Lymphedema is an abnormal swelling that occurs when there is a blockage in the lymphatic system, which then cannot adequately drain the circulating lymph fluid. This swelling can be caused in the arms and legs by a tumor or cancer cells blocking the lymph vessels, or can occur in the arms as a result of lymph node removal as part of cancer surgery, because of damage from radiation therapy, or because of injury or infection in the lymph node area.
In addition to the discomfort and cosmetic effects, the swollen arm is at greater risk for serious infection from even minor injuries, such as finger cuts.
What is lymphedema?
Lymphedema is swelling caused by a collection of excess lymph fluid, brought about by a blockage in the lymphatic system. This complication may happen after the axillary lymph nodes (under the armpits) are removed during surgery, or are injured during radiation therapy. It may also be caused by a tumor interfering with the normal drainage of fluid. Lymphedema can be permanent after breast surgery and can be very difficult to manage, even with vigorous massage and exercise. The best management is prevention, which is why the sentinel node procedure is one of the most important breast cancer advances in recent years.
There is no cure for lymphedema, but the symptoms can be eased with diligent care of the limb or limbs that are affected. The symptoms may include severe fatigue, a heavy swollen limb, or localized fluid accumulation in the limb. Pain with the uncomfortable weight or fluid retention can also add to lymphedema problems. Treatments focus on minimizing the swelling and controlling the pain. Lymphedema treatments include:
Therapeutic exercise. Light exercise may be recommended by a lymphedema therapist or physical therapist to help with lymph fluid drainage. These exercises are not to cause fatigue but to enhance circulation and promote a gentle contraction of the muscles in the arms to help keep the tissue soft and assist in moving the lymphedema fluid. The exercises should be prescribed in consultation with a physician to promote function and comfort during the patient's treatments.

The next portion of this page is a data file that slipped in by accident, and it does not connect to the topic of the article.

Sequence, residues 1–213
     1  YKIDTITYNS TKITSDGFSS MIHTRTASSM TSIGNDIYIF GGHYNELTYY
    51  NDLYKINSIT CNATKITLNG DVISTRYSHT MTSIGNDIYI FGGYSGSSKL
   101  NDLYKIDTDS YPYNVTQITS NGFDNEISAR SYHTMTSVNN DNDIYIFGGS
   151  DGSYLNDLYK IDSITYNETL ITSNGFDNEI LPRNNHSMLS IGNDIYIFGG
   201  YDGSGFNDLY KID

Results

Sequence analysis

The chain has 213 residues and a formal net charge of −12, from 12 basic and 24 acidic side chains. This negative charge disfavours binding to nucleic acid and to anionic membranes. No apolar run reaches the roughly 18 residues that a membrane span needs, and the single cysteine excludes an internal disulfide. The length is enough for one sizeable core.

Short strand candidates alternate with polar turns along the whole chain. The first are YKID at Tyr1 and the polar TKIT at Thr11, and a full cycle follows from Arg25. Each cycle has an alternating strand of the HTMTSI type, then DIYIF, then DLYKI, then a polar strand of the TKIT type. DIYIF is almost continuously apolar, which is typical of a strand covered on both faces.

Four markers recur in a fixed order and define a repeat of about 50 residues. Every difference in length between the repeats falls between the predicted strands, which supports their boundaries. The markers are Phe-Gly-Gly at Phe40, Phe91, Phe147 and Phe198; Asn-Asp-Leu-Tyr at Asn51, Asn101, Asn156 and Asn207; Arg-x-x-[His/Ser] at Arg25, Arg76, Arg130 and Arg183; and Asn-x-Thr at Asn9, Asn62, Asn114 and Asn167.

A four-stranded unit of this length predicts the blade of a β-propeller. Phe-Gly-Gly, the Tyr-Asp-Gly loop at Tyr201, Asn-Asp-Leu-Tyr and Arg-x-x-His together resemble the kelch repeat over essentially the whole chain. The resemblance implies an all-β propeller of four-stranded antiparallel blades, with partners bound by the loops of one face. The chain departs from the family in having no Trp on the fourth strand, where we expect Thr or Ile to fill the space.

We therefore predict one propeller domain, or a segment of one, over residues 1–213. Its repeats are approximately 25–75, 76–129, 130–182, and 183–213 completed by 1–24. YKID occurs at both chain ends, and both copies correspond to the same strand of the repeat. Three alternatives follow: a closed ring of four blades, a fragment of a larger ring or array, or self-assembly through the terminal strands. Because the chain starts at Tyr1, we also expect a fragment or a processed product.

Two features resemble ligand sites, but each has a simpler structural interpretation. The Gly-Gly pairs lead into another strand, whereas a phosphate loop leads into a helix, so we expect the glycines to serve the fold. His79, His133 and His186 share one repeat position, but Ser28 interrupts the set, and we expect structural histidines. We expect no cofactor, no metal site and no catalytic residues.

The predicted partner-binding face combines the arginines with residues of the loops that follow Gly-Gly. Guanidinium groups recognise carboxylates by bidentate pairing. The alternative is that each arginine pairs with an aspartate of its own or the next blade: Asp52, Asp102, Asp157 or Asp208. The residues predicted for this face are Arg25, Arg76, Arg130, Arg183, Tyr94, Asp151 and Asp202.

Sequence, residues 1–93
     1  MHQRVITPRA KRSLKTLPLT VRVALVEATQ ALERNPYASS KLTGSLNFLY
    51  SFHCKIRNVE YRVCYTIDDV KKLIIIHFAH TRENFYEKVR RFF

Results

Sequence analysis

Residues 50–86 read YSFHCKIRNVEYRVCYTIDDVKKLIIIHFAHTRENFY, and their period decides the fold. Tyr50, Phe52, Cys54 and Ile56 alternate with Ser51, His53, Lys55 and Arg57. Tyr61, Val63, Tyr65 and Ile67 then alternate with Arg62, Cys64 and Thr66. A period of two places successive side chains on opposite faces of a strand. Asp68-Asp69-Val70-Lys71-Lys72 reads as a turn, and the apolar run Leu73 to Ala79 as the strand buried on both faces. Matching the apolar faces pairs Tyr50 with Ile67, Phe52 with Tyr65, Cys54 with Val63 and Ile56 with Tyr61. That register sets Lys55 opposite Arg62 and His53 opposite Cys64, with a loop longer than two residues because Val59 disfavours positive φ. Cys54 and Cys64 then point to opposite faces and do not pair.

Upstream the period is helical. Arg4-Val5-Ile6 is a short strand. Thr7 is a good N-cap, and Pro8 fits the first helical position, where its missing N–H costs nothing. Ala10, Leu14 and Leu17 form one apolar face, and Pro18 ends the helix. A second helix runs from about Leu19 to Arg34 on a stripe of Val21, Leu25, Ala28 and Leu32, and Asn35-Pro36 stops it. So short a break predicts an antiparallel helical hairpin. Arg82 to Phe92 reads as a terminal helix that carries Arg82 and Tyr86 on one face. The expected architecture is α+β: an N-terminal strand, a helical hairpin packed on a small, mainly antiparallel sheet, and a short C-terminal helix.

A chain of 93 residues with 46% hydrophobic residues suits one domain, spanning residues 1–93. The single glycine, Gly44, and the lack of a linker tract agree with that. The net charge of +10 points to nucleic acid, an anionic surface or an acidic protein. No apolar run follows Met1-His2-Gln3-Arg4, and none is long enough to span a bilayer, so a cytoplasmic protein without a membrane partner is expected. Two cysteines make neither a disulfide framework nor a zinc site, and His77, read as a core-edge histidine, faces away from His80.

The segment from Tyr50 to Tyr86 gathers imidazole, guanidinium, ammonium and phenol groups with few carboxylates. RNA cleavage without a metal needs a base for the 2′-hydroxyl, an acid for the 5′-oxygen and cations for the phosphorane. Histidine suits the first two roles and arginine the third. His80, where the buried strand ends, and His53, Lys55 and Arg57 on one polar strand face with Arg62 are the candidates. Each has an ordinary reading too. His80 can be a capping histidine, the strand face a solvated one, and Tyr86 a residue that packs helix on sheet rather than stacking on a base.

Manual lymph drainage/decongestive therapy. This is a known tool for lymphedema management that involves manual manipulation of the lymphatic ducts for the purpose of encouraging lymph flow away from the affected arm and back to healthy lymph nodes where the excess fluid can drain. The technique was founded by Emil Vodder in the 1930s for the treatment of immune disorders and sinusitis.
Manual lymph drainage involves gentle, rhythmic massaging of the skin to stimulate flow of the lymphatic system and reduce swelling. A session usually lasts forty to sixty minutes and manipulation of the skin starts with the neck, trunk, and then the affected limb.
Compression wrapping or bandaging. Compression wrapping, in which the entire arm is wrapped, helps with encouraging lymph fluid to drain from the extremity toward the trunk of the body. When bandaging your arm, you need to wrap tighter at the end of your limbs and loosen it as you go up toward the body. This helps to facilitate lymphatic flow by providing a pump-like pressure going from the fingers toward the body. It is advised to use short-stretch bandages as opposed to the long-stretch bandages used to treat sprains, because the short-stretch bandages encourage lymphatic flow and help to soften swollen tissue. This must be first taught by a physical therapist or lymphedema specialist with ongoing follow-up and monitoring. Proper placement of compression wrapping is essential in promoting proper lymph drainage.